Hemagglutinin amino acid sequences of our H5N1 isolates were compared with those of A/Goose/Guangdong/1/96 (the ancestor) and with Hong Kong virus 1997 (5) (see Fig. S1 in the supplemental material). No change in RBS was found, except for one isolate, A/Thailand/676(NYK)/05, which contained a mutational change A134V in RBS. However, this mutational change did not relate to erythrocyte binding preference. It remains to be elucidated why the isolate from the clouded leopard could not agglutinate horse erythrocytes while there were no change in RBS and no difference in the deduced amino sequence of hemagglutinin. Receptor specificity of influenza viruses is influenced by both the galactose linkage and species of sialic acid: N-acetylneuraminic acid (NeuAc) or N-glycolylneuramic acid (NeuGc). Horse erythrocytes contained only NeuGcα2,3Gal (1, 3). Therefore, loss of the ability to agglutinate horse erythrocytes may be related to loss of the ability to recognize either NeuGc or galactose linkage (1, 3).

The study of human influenza H1N1 and H3N2 viruses showed that all six isolates could not agglutinate horse erythrocytes (Table (Table1).1). An A/Sydney/05/97(H3N2)-like isolate could agglutinate chicken erythrocytes, while all three A/Fujian/411/02(H3N2)-like isolates and one A/California/07/04(H3N2)-like isolate could not. This result supported previous findings that current H3N2 isolates have lost their agglutinating activity with chicken erythrocytes (2, 4). However, all of the data, including ours, were discrete and could not conclude that there was a correlation between certain mutational positions and loss of the agglutinating activity (data not shown).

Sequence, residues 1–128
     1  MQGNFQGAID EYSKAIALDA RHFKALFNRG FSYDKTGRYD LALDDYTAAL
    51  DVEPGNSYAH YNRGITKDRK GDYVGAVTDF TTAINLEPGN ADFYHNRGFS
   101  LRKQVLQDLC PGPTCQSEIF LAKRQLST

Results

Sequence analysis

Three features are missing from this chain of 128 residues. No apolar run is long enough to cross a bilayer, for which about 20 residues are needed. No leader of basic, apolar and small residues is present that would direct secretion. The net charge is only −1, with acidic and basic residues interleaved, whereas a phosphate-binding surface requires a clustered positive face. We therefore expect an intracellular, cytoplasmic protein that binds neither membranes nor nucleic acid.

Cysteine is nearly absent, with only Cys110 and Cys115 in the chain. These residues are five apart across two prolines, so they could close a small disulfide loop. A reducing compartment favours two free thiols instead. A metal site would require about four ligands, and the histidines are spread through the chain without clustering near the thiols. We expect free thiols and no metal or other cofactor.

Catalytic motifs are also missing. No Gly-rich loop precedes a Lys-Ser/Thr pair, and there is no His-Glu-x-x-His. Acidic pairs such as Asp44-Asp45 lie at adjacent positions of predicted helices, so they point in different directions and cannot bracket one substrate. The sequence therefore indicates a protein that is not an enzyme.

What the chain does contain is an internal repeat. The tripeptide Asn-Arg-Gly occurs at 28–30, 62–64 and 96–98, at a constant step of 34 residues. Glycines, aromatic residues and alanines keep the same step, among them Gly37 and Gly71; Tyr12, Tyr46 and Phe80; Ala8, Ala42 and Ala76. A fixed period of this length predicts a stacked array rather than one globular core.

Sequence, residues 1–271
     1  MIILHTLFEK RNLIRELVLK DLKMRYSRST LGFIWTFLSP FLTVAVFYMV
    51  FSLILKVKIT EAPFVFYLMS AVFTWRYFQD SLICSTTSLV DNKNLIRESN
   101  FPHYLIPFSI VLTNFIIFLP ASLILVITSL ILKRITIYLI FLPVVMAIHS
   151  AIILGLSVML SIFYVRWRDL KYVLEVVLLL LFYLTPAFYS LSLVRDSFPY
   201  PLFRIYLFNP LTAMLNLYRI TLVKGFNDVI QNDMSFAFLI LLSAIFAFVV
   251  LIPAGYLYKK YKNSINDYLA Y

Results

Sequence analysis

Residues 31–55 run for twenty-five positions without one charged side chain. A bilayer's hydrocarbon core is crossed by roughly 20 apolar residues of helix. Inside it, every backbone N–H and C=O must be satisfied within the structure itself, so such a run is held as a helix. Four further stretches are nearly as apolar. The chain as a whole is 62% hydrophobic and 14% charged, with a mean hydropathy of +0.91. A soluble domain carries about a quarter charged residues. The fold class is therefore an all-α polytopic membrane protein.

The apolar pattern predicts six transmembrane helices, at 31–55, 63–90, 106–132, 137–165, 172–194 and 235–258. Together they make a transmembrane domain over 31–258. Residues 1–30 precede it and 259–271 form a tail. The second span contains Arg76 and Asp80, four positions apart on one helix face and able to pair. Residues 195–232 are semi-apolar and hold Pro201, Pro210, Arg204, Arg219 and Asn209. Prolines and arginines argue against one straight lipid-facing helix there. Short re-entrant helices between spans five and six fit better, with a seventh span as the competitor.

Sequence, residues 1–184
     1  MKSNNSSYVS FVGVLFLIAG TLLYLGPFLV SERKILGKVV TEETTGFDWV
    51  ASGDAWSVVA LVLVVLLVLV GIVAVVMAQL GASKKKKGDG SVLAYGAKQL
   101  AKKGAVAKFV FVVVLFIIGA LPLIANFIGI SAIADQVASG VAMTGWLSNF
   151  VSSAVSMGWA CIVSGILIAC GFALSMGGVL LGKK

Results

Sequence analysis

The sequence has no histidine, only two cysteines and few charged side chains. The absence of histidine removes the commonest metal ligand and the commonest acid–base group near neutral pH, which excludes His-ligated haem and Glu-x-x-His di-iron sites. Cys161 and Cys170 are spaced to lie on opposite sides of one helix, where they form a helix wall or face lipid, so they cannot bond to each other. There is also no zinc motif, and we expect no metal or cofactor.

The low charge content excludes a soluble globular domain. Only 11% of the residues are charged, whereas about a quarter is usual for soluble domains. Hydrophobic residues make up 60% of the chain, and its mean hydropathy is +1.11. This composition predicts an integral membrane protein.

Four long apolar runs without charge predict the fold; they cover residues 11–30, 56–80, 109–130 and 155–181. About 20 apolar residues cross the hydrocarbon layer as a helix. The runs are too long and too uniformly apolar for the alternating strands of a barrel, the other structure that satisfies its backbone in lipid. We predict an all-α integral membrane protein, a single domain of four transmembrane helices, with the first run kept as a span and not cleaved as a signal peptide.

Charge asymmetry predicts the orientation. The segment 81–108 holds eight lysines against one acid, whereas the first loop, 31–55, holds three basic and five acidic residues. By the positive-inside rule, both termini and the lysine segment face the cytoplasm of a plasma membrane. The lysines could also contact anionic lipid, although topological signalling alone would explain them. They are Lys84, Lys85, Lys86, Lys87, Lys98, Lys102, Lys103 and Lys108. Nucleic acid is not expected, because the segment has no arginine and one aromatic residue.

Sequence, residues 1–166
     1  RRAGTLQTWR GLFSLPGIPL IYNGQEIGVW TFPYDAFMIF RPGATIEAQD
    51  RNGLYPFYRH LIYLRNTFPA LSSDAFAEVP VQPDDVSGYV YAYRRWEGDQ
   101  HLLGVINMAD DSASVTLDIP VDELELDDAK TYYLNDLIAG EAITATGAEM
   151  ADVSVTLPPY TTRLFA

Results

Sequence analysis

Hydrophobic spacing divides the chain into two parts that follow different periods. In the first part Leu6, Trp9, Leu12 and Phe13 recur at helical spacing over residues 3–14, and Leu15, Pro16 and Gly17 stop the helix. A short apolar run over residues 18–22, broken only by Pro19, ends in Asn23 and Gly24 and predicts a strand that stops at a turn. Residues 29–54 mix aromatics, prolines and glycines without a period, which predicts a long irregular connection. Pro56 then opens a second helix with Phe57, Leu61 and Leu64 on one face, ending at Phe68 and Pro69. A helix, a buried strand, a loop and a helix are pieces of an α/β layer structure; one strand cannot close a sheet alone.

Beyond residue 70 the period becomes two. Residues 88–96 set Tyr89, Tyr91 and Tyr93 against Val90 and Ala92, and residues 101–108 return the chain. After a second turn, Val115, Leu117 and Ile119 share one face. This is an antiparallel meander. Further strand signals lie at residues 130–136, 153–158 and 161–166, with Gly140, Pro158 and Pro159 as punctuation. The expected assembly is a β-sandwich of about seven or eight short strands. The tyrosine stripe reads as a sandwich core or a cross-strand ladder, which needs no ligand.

Fourteen serum samples from seven H5N1 patients, including the survivors, were assayed for H5N1 antibody. Two H5N1 strains, A/Thailand/1(KAN-1)/04 which was the first human isolate from the country (5), and A/Thailand/676(NYK)/05, as described above, were selected as the test antigens. This study was approved by the Institution Ethical Committee for Human Research.